In the Deployment Zone

BERLIN/VILNIUS/RUKLA (Own report) - One year after the first deployment of German troops in Lithuania, the Bundeswehr has begun its third troop rotation. Within the framework of NATO's anti-Russia troop concentration in the Baltic region and Poland, the 292nd light infantry battalion from the town of Donaueschingen will take command of the multinational battle group in Rukla. The Bundeswehr is simultaneously enhancing its bilateral cooperation with Lithuania's armed forces, which are increasingly replacing old US-produced weaponry with German arms. They are buying the German Fuchs armored transport vehicles, worth 385 million euros - the country's most expensive procurement so far. This is one of the reasons why the Lithuanian military budget has skyrocketed 2.5 times its 2014 volume. The cooperation with Germany has been supplemented by the creation of a paramilitary force, being instructed by the Lithuanian army in Afghan insurgent combat techniques.

Rotation in Rukla

One year after their initial deployment in Lithuania, German troops have begun their third rotation. Last week, troops from the 292nd light infantry battalion, from the town of Donaueschingen, began loading their Boxer armored transport vehicles and several material containers onto the trains of the Deutsche Bahn, for transport to Lithuania's military base in Rukla. The first contingent of soldiers from the unit has already departed for the base. They will be relieving the nearly 450 soldiers of the 371st Mechanized Infantry Battalion from Marienberg (Saxony), who, since August of last year, have been stationed in Rukla, where the Bundeswehr is commanding the multinational battle group. Together with three other battle groups in Estonia, Latvia and Poland, they form NATO's so-called enhanced Forward Presence (eFP) in the Baltics - an important component of the western war alliance's measures openly directed against Russia.[1] Notably, the battle group is holding joint war exercises with the Lithuanian "Iron Wolf" Brigade, also stationed in Rukla. Germany seeks to enhance a network of troops throughout Europe, that it is promoting within the frameworks of NATO and the EU.[2]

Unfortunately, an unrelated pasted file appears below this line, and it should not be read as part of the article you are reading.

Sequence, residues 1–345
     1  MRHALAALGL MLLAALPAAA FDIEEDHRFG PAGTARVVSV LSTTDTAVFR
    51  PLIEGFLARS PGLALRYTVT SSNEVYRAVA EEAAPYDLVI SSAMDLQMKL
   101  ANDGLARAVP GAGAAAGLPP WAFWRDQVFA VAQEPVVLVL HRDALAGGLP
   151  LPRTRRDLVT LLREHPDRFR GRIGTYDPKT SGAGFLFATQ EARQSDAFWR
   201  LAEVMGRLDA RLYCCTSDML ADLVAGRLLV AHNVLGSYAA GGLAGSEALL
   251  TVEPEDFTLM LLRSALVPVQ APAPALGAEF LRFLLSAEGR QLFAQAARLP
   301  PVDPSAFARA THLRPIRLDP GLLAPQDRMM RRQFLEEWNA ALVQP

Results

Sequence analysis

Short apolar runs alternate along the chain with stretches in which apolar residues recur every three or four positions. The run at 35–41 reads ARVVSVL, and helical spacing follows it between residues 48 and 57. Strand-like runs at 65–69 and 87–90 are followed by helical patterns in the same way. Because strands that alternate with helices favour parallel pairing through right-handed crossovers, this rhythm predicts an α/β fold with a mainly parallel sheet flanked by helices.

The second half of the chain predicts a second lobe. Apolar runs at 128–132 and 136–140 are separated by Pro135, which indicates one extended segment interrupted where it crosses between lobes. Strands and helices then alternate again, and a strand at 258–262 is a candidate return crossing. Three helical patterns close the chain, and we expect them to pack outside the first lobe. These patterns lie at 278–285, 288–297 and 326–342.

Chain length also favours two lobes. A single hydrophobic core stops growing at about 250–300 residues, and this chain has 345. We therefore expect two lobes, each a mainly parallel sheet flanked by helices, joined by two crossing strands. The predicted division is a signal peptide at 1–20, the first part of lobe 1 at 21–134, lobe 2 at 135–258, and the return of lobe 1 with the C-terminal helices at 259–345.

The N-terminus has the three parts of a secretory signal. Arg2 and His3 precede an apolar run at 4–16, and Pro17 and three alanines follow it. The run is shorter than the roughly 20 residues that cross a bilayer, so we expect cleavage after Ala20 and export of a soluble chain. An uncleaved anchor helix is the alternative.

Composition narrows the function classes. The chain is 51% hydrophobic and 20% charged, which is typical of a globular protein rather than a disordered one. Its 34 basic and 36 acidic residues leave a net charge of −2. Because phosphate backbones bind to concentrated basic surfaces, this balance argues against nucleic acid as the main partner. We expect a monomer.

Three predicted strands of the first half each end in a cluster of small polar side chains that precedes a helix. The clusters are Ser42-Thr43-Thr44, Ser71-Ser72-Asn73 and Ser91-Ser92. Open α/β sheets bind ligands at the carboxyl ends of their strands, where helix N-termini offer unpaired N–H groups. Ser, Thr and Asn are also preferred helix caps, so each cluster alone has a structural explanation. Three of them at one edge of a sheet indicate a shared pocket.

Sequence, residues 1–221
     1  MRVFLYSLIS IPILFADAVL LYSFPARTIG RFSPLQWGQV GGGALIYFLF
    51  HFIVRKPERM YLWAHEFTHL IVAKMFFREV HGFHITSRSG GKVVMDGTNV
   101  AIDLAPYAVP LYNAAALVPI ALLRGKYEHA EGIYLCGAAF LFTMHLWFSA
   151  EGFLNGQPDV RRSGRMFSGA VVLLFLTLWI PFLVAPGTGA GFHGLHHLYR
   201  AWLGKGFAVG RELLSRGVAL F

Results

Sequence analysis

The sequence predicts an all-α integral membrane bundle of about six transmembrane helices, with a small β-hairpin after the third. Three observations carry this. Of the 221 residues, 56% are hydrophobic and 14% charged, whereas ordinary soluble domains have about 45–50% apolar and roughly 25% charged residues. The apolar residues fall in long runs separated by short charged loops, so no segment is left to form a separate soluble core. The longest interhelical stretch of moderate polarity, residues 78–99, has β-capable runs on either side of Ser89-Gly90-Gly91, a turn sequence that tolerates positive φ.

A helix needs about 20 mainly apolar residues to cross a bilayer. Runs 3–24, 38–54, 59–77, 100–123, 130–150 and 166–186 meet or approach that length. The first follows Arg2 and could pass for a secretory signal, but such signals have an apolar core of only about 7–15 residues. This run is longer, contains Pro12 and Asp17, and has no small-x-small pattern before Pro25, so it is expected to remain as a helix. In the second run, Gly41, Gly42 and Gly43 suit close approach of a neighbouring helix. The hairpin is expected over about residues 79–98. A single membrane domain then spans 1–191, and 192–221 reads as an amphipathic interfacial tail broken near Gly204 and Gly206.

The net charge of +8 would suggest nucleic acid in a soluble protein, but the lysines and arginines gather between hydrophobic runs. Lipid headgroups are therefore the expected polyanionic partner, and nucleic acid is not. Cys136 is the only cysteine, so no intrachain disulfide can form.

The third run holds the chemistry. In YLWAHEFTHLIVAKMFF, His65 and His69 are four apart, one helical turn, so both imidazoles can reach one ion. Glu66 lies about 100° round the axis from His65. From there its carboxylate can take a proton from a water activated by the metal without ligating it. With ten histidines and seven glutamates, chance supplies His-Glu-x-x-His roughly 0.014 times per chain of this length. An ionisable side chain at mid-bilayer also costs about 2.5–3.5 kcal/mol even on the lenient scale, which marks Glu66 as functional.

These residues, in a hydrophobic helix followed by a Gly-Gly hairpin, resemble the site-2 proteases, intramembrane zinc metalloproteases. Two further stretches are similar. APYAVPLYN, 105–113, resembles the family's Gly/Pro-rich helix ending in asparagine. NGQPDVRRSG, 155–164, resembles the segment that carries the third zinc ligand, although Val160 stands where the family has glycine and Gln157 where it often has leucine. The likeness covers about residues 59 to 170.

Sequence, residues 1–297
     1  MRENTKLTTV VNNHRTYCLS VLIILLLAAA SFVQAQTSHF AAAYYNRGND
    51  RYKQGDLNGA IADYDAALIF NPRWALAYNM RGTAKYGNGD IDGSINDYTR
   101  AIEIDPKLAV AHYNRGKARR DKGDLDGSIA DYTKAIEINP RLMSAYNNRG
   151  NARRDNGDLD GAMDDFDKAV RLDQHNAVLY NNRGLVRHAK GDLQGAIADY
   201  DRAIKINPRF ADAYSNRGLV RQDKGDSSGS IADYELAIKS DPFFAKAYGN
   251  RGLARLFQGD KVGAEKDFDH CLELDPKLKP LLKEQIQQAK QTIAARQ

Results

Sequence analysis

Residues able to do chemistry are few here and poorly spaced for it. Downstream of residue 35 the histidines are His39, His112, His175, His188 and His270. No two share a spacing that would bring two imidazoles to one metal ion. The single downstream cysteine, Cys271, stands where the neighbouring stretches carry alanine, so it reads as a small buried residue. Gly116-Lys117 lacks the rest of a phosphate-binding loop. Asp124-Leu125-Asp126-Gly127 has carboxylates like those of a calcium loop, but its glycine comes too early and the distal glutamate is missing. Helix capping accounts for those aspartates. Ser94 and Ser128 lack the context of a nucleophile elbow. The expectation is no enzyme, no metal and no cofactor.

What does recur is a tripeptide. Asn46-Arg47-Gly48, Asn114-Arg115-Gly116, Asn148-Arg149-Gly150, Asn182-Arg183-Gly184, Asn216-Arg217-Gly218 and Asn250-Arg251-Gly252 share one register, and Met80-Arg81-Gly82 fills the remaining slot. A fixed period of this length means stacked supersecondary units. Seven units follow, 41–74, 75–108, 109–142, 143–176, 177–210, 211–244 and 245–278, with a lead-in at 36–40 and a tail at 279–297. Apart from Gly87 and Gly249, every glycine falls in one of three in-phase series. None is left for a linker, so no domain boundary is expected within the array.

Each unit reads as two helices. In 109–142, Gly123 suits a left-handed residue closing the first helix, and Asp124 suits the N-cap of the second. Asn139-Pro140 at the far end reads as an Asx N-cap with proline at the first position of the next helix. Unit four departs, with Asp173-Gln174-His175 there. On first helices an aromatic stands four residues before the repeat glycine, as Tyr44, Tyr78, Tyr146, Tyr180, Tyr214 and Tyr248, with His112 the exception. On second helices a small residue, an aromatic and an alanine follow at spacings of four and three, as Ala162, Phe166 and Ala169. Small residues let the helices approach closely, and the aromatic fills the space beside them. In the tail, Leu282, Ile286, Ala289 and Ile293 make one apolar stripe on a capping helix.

Military Budget: Nearly Tripled

Parallel to its cooperation within NATO's enhanced Forward Presence (eFP), the Lithuanian armed forces have begun to intensify their cooperation with the Bundeswehr and Germany's arms industry. This is one of the reasons why the Lithuanian military budget has skyrocketed from €322 million, in 2014, to this year's €873 million. Vilnius is also using these funds to expand its armed forces. Between 2014 and 2016, the military grew by 25% and the number of personnel should reach 19,740 this year. This was made possible by the reintroduction of Lithuanian conscription. Funds were also used to establish two national battle groups, which can be deployed within 24 hours to react to so-called hybrid threats, below conventional war escalation levels. Lithuania has also more than doubled the surface of its military training grounds in Pabradė and Gariūnai. The Bundeswehr also uses these for its combat exercises.[3]

German Weapons